What’s more, the public transport isn’t, technically, all that public. Many of the bus companies are owned or linked to political parties or powerful trade unions. Government efforts to unify or regularize the system would amount to a hostile takeover of all of these small companies.

The obvious solution, or the one proposed by international experts anyway, is to separate the rickshaws from the cars from the CNGs, give each of them lanes and lights according to their top speed, and, crucially, make car drivers pay the cost of taking up more space on the roads.

But that, politically speaking, is about as plausible as suggesting that everyone fly to work on the back of a giant eagle. Car owners are a small part of the population, but a highly influential and politically necessary one. Having a car – and a driver, of course – is a major perk of being a government official or business executive.

What is development for, after all, if you still have to ride to work in a swaying, shuddering rickshaw, amid the fumes and the horns and the heat? Every year, Dhaka adds an extra 37,000 cars to its already beleaguered roads. Many Dhaka residents would, understandably, see this as a success, a sign of Bangladesh’s brighter, middle-income future.

Even the cops make it harder to fix the problem. That World Bank analysis reported that only 50 per cent of bus drivers and less than half of CNG drivers had proper licenses. Cops take bribes to overlook fake, expired, or nonexistent paperwork. Updating and regularizing the licensing system and enforcing traffic laws, in practice, means cutting off an income stream for an underpaid, important constituency.

Take a second to think about all this from a Bangladeshi politician’s point of view. Any attempt to solve the traffic mess means pissing off the poor, the middle class, and the rich all at once. It’s basically President Obama versus the health care system, only instead of patients, doctors, and insurance companies, it’s rickshaw drivers, cops, and bus companies. As Americans know well by now, entrenched institutions don’t just dissolve when you point out how inefficient they are.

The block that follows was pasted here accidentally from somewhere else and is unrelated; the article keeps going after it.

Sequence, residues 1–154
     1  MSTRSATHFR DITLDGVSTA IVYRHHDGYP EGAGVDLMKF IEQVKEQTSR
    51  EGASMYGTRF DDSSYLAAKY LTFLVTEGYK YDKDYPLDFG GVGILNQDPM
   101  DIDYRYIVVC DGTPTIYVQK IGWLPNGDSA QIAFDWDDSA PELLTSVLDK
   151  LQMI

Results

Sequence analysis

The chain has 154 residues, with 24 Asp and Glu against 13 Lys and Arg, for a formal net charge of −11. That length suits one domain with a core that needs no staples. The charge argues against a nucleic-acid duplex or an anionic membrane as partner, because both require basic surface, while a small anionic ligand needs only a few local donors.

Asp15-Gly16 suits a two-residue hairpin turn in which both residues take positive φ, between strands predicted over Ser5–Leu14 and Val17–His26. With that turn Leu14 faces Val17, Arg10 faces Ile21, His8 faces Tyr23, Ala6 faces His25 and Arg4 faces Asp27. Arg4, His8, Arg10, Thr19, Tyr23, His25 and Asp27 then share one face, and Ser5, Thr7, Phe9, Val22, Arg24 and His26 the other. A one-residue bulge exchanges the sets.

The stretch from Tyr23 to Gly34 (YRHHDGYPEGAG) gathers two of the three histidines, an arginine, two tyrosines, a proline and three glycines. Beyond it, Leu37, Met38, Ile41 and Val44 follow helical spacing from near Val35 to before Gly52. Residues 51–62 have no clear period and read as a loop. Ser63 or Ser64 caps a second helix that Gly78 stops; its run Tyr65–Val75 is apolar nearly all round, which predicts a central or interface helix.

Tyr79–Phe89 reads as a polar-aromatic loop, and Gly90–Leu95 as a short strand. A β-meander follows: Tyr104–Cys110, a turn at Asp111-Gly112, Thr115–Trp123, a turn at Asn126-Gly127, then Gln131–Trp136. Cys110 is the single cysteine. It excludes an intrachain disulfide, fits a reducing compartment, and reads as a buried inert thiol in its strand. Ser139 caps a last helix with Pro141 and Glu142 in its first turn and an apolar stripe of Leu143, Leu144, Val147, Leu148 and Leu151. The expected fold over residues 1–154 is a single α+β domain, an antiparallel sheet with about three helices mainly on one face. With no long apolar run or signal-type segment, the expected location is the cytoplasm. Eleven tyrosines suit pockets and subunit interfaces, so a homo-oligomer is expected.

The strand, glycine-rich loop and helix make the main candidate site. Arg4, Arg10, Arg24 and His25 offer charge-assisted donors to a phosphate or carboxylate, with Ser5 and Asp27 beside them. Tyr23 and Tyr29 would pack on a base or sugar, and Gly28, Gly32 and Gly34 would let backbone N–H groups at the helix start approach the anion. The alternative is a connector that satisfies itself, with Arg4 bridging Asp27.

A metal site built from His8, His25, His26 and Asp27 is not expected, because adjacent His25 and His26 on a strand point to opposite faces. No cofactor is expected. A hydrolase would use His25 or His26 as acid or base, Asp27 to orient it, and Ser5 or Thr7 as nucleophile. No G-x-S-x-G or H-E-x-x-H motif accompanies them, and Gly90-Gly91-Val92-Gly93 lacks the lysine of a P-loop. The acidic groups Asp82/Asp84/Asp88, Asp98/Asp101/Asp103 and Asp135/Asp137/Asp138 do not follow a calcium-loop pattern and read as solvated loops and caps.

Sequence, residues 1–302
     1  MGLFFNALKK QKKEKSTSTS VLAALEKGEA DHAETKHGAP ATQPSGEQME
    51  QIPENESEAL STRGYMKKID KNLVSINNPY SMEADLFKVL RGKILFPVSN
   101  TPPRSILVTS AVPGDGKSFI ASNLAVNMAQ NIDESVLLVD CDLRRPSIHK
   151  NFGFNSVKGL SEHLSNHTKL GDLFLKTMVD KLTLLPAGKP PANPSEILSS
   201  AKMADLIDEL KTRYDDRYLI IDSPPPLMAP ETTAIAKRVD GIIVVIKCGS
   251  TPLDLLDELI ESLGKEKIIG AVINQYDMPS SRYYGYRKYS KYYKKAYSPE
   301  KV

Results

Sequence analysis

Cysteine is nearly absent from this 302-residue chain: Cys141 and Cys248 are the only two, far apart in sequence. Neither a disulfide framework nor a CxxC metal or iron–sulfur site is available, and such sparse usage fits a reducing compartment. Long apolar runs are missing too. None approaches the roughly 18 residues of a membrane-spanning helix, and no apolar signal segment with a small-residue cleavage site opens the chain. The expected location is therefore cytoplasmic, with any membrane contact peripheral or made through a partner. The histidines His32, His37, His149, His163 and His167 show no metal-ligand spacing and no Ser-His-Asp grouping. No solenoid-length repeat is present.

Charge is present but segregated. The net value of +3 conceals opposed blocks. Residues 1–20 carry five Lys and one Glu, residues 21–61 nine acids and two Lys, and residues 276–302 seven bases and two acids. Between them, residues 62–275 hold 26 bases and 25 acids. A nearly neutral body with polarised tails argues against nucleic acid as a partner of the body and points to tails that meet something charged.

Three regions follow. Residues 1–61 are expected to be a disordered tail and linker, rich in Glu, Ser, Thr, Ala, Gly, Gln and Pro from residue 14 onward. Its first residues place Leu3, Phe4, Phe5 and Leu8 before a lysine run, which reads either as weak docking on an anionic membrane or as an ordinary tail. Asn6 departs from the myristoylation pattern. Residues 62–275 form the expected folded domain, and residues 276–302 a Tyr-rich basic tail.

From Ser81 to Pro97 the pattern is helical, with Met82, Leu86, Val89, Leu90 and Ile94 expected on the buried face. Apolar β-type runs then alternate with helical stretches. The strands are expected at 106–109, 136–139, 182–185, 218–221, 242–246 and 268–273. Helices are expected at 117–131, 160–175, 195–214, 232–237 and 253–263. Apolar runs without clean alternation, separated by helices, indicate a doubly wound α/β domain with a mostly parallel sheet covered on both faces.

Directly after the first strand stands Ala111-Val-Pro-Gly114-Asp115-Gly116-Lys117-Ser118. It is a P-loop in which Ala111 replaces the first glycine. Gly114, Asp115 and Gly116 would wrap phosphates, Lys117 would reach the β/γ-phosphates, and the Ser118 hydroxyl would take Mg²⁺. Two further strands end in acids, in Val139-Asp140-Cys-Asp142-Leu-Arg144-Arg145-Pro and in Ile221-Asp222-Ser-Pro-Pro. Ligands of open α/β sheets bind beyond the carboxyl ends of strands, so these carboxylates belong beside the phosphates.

But here’s where the metaphor breaks down. The government of Bangladesh has an option that Obama never did, one last way to have their roads and drive on them, too: international donors. In 2012, the government announced a $2.75bn plan to build a metro rail system. Eighty-five per cent of the project is being financed as a loan – at 0.01 per cent interest – by the Japan International Cooperation Agency.

If you’re a Bangladeshi politician, this is a great deal. Not only do you avoid taking on these inconveniently entrenched interest groups, but you also get a transportation system for poisha on the taka. A $255m bus rapid-transit line from the airport, thanks to loans from the French government and the Asian Development Bank, will cost Bangladesh just $45m to build.

For residents of Dhaka, however, it’s less of a bargain. These projects will take years, maybe decades, to come to fruition (there’s already infighting about how the bus lines should be built) and the construction will only make Dhaka’s traffic worse until they do. In the meantime, cheaper solutions to Dhaka’s traffic jams – enforce the law, reduce cars, improve bus service – cost too much, in political terms, to consider.

Whenever I asked my Bangladeshi colleagues how long it would take to get somewhere, they always gave two answers: “Without traffic, maybe fifteen minutes. But with traffic? Who knows?”

Maybe that’s the way to think about how the world’s megacities will solve the problem of traffic congestion. Without hard political choices to make? Maybe a few years. But with them? Who knows?

Michael Hobbes is a human rights consultant in Berlin. He has written for Slate, Pacific Standard, and The Billfold.

This article first appeared on newrepublic.com

ROBERTO SCHMIDT/AFP/Getty Images
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Unlikely sisters in the Gaza Strip

A former Jewish settler in Gaza recalls her childhood friendship with a young Palestinian.

It was well after midnight, one summer night in 1995, when Inbar Rozy, a 13-year-old living in the former Israeli settlement of Alei Sinai in the northern Gaza Strip, heard her parents answer the phone. Sitting up in bed, surrounded by potted plants, candles and fairy dolls lit by shafts of light from a nearby security outpost, Inbar listened closely.

“I could hear everyone talking around me, making calls,” Inbar said when we met recently in Nitzan, southern Israel. When she got up to find out what was happening, her parents told her to make up a second mattress. As dawn broke, they led into the room a young woman carrying a small bag and wearing a black shirt and jeans. “She had shoulder-length dark hair dyed with red henna and beautiful eyes – big, black with thick eyelashes,” Inbar told me, smiling. “[She was] quiet. She looked scared.”